I love off tracks particularly when I have a mud horse and this running of the 2011 Belmont is no exception to how powerful the track’s surface can be in denoting an outcome. Most horses tend not to like sloppy heavy, muddy tracks. The good news is that in our modern times, most tracks if given half a chance and miminum of rain, can get a off track tight and hard with floating, etc. The bad news, some times they can’t.
This year’s Belmont is an example how the only horse in the field that had won a race on bad going, did it again. This brings to mind one of my favorite mud racing stories of all time and involves a Missouri bred horse winning the Kentucky Derby under Boots Durnell. The horse, Elwood.
By 1903 he (Boots Durnell) was racing during the summer in Chicago and heading to California for the autumn and winter. He was stabled in San Francisco that year when he heard one day that a horse sale was to be held at a local boxing ring. He and some friends decided to attend, but not with the idea of buying anything. According to Ransom, “the stock was ragged and the breeding rather poor, but finally, out came a slender colt, a bay yearling son of Free Knight out of Petticoat, by Alarm. Petticoat was a granddaughter of the great American Eclipse and her dam was a daughter of Leamington. Something about the youngster fascinated Boots, although it was not his looks, and he bid $100 on him. After three more bids, he was knocked down to him for $300, and he led the little fellow to his barn.”
Mrs. J.B. Prather of Faustiana Stud in Maryville, Missouri, had bred Elwood. The horse was not named at the time of the sale, and Durnell bestowed his mother’s maiden name — also his own middle name — on the colt. Elwood raced in the name of Boots’ wife, Mrs. C.E. (Lasca) Durnell.
At two, Elwood raced in some $300 claiming races, but he was not successful enough to attract a claim. He made seventeen starts and won only once, although he finished second in two little stakes, the Youngster Stakes and Competition Stakes.
The highlight of that California campaign came when three-year-olds were asked to go a mile and a half as early as February 27 in the Ascot Derby. Most of Elwood’s races had carried purses of $400 or less, but the Derby had a purse of $2,000. He finished second to Bill Curtis, beaten by four lengths on a muddy track.
His next start came nearly a month later, on May 2, in the Kentucky Derby.
Several elements of the lore of Elwood’s Derby tend to be questionable and contradictory but charming. A story recorded by Ransom was that “One day in … 1904, Boots’ brother-in-law phoned him from Kentucky and said ‘if you have any kind of a three-year-old handicap horse, put him in a car and ship him to the Derby. It has been raining for days and the track’s a quagmire. No one here has been able to train their horses.’ Boots hung up the phone, disconsolate, for he had no such horse in his barn. He yearned for that far-goal of glory, the Mecca of every breeder and race horse man [obviously a statement assigning the Derby’s later status retroactively]. He shrugged off the idea as an impossibility … However, when he walked back to his stable and ran speculative eyes over the awkward carcass of Elwood, his optimism rose. He suddenly remembered a workout when the horse was just flying in the mud, jumping and kicking like a bronc. He had a real mud horse.”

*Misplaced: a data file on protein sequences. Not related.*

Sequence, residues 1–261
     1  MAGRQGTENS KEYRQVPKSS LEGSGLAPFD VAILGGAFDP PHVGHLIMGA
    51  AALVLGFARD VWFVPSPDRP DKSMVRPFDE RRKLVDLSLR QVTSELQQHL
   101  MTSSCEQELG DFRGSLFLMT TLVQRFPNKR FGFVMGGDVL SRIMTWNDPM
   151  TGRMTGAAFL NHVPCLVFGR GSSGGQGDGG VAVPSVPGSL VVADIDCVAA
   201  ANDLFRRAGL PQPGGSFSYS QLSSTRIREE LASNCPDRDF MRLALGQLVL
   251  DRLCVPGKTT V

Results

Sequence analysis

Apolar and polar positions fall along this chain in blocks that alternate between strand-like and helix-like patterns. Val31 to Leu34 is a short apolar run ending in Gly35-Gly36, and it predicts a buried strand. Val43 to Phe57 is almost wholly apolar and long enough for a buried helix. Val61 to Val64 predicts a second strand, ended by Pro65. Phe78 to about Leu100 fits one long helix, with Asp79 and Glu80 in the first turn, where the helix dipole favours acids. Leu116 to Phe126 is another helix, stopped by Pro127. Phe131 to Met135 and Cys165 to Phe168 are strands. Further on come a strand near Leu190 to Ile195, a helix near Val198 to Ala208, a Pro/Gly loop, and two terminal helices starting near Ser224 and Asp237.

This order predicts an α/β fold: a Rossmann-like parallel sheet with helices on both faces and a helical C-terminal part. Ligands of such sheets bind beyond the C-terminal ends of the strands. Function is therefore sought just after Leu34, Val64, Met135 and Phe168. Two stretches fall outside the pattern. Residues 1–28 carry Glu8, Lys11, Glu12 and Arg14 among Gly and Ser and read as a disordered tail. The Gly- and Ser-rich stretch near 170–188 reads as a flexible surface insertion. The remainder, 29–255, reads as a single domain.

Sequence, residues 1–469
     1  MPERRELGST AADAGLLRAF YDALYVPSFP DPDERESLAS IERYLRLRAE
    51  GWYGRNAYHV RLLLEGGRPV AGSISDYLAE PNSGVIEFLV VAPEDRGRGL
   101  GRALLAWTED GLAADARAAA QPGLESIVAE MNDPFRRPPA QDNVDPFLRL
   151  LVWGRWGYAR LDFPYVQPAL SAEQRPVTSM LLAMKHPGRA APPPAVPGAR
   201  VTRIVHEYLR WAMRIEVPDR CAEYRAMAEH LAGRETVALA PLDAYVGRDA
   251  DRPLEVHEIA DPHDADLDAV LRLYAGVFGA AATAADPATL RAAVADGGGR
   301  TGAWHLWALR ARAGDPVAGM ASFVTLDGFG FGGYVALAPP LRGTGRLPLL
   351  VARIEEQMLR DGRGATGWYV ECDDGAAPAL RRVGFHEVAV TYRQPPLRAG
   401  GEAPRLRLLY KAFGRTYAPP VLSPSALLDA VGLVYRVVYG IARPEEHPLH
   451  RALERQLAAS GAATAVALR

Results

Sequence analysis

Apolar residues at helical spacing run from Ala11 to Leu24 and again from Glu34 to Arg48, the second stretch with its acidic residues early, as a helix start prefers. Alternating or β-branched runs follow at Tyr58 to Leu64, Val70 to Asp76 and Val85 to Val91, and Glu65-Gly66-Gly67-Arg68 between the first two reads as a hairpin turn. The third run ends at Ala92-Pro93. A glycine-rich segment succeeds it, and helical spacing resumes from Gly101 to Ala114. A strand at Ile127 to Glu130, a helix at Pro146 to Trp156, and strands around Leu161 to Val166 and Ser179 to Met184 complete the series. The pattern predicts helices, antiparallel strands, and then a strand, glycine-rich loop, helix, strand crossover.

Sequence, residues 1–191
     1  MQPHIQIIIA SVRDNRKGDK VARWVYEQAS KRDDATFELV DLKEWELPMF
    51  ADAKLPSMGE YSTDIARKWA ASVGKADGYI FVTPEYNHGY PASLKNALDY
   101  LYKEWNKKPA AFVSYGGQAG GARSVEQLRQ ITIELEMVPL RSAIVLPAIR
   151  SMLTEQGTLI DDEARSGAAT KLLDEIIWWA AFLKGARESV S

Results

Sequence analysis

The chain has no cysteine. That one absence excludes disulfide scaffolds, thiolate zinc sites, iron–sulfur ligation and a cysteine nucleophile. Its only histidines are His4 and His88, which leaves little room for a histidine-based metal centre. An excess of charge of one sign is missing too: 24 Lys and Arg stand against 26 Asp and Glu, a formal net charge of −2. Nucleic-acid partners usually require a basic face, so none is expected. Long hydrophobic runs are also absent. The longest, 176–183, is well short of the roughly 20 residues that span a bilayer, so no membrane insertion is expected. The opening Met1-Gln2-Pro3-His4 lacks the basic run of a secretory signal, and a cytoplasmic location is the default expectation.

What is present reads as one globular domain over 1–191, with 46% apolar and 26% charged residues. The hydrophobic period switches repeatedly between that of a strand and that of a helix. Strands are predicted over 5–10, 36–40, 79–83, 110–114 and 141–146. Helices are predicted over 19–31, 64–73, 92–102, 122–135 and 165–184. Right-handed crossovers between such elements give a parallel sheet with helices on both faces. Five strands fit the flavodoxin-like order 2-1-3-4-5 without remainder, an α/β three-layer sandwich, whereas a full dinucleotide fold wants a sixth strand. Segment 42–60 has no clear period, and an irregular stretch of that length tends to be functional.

Ransom tells how Durnell, low in funds, traveled with Elwood, bedded down himself in a box car he shared with the horse. Elwood seemed stiff and sore after the long trip, and that, along with his origins, summoned snide reference to “the Missouri mule.” Durnell had difficulty finding a rider, and Frankie Prior agreed to take the mount only because he wanted to ride in the Derby.
The version attributed to Durnell is full of emotion, detail, and bravado:
“They finally got away in the deep slop and as they swung into (the) backstretch, I could see nothing of my awkward plater and I knew then the real heights of my folly. But wait. As the flying pack plowed into the gooey stretch, from far back came a mudplastered woeful sight, a horse eating up ground in great surging strides, and up there on his back was a ludicrous Ichabod Crane. Down through the long and boggy stretch the strange apparition continued his long furious jumps, simply running over horses at the end and coming out to open daylight at the wire. Somewhere along the line and with stunned disbelief, I might have sensed the real meaning of that long, awkward stride and who it was, with hoarse bellows of encouragement; I shouted the unknown horse home.”
Greatest Kentucky Derby Upsets
By the staff of Blood-Horse Publications